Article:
Radium Emanation and Goitre.
[Read before the Canterbury Philosophical Institute, 2nd November, 1927; received by Editor, 18th April, 1928; issued separately, 30th August, 1928.]
In 1925 Rogers (1) estimated the amount of Radium emanation in several drinking-waters of this district, with a view to determining if any correlation exists between the percentage incidence of goitre and the amount of emanation in the water of the localities under observation.
With the exception of Timaru a fair correlation was established, but definite conclusions could not be drawn. Many workers in different parts of the world have sought for a positive causative agent of goitre; for example, McCarrison is convinced that toxins produced in the intestinal tract by bacterial action play a definite role.
At the present time, however, a deficient intake of iodine and a resultant deficiency of the thyroid hormone (an iodine-containing compound) is the only cause established beyond doubt.
That a positive agent might tip the balance and transform a low intake into a pathological deficiency in the organs and tissues where it is required is plausible enough. Such agent might be the intestinal bacteria of McCarrison, or an unusual salt balance in the dietary producing excessive excretion either of the iodine or of the thyroidiodine compounds. Again, Radium emanation which abounds in the artesian waters of this district, might by irritation of the thyroid render it unable to manufacture sufficient of the necessary compounds for the efficient working of the body.
In 1926 Milligan (2) reported that the administration of large amounts of emanation once a week to rabbits for the space of three months failed to produce any sign of thyroid disturbances as tested by microscopic sections of the gland. In his experiments the emanation was in some rabbits given by mouth and in others by injection into an ear vein.
Some of the observations now reported offer a criticism of the technique used in the rabbit experiments, although our conclusions agree that emanation does not appear to be a causative agent either for rabbits or for trout.
Trout were chosen for the present experiment because they are liable to contract a typical hyperplastic goitre and because they can be kept in a solution containing emanation for the whole period of the experiment.
In the grounds of North Canterbury Acclimitisation Society at Christchurch approximately one per cent. of the trout in their third year of life suffer from this goitre or so-called “gill cancer.” Mr. Hope, the Curator, who has had a very long experience, states that he has never seen this condition in trout living in natural conditions.
Marine and Lenhart (3) in 1910 reported that the so-called “gill cancer” in the brook-trout of Pennyslvania (Salvelinus fontinalis)
was curable by the administration of iodine, and was not a true cancer of the thyroid but an epithelial overgrowth, of the gland with none of the characteristic features of malignancy.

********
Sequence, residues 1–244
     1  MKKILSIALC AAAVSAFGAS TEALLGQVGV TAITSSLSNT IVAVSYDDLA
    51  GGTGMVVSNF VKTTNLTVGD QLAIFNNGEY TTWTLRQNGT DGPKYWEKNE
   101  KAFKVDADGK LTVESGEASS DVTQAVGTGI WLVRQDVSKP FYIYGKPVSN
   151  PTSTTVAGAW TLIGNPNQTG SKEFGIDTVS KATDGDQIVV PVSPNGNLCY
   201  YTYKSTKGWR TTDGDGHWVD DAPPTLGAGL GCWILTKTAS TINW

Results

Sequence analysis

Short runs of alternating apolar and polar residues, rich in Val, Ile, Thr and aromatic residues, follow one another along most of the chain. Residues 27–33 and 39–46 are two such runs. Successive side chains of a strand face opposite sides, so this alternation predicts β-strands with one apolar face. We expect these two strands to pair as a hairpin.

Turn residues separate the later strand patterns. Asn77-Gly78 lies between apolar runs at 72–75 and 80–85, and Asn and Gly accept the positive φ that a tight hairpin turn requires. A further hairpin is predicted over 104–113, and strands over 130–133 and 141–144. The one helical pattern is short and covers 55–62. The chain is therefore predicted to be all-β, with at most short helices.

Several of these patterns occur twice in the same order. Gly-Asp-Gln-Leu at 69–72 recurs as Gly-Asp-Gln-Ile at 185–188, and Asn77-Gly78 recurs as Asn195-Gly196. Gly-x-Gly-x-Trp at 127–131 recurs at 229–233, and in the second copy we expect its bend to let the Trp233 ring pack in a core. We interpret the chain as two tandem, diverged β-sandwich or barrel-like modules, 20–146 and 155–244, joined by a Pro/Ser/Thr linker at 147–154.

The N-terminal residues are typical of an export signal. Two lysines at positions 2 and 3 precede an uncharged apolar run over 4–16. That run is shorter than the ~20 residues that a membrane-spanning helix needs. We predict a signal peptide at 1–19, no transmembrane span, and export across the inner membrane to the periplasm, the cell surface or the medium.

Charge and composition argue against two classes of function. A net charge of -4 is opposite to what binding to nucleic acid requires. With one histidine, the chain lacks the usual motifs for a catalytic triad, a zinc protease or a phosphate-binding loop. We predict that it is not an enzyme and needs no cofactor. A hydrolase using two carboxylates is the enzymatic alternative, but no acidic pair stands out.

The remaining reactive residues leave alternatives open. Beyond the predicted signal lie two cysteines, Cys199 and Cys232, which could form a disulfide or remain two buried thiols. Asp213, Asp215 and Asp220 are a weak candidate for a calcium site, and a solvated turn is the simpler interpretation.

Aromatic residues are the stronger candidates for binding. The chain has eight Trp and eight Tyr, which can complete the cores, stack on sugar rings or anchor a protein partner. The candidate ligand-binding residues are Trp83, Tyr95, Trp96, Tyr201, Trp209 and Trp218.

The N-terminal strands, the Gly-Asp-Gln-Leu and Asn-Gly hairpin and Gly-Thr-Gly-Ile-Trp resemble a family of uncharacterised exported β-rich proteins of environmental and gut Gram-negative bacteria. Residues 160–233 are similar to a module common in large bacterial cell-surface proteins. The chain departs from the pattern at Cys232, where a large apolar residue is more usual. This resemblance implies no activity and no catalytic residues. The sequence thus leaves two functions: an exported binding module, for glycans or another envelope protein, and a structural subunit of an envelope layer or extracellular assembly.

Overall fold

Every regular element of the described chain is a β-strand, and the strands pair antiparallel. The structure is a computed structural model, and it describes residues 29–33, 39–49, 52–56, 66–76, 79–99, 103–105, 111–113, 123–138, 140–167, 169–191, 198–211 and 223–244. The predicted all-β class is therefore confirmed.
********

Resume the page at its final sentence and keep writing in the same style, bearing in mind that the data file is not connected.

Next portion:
In Christchurch, the trout that have this condition are markedly undersized, thin, and sluggish in movements, but curiously, the goitrous brook-trout observed by Marine and Lenhart are stated to be larger than usual, and though excessively fat are “weak and lumbersome.”
In Christchurch, as in Pennyslvania, the affected fish may live for a considerable time after the swelling has become prominent.
Marine and Lenhart speak of cases of spontaneous cure of goitre in brook-trout, but this does not appear to occur in the Christchurch ponds, at least after the goitre has become externally obvious.
The difference in behaviour of the goitrous fish is possibly accounted for by the fact that all the trout goitres seen here are hyperplastic and contain very little stainable colloid, whereas the illustrations given by Marine and Lenhart (3) show far more colloid than our specimens, and presumably they are typical sections.
Marine and Lenhart give no analysis of the glands.
The analyses of fish thryoids (normal) known to us, are given by Cameron in The Biochemical Journal, vol. 7, 1913.
The iodine in different species and genera of sea-fish is there stated to range from 0.2 gms. per cent. of dry gland to 1.10 gms. per cent. Eight of our own trout goitres, with an average dry weight of 1.4 gms. contained on the average 0.003 gms. per cent. It is noteworthy that this amount of iodine is much less than we have found in human goitres (0.01 to 0.10 gm.%) and in normal human thyroids (0.04 to 0.05).
The iodine-content of even such a small number of trout goitres is probably typical.
In the absence of figures for normal trout thyroids our assumption may not be correct that the trout goitres contain approximately the same total amount of iodine as the normal thyroid, although this is true for human thyroids. Making these assumptions, however, rainbow trout would store about 0.040 mgms. of iodine per kilo as against 0.15 mgms. per kilo for man, i.e. approximately one-fourth of the latter.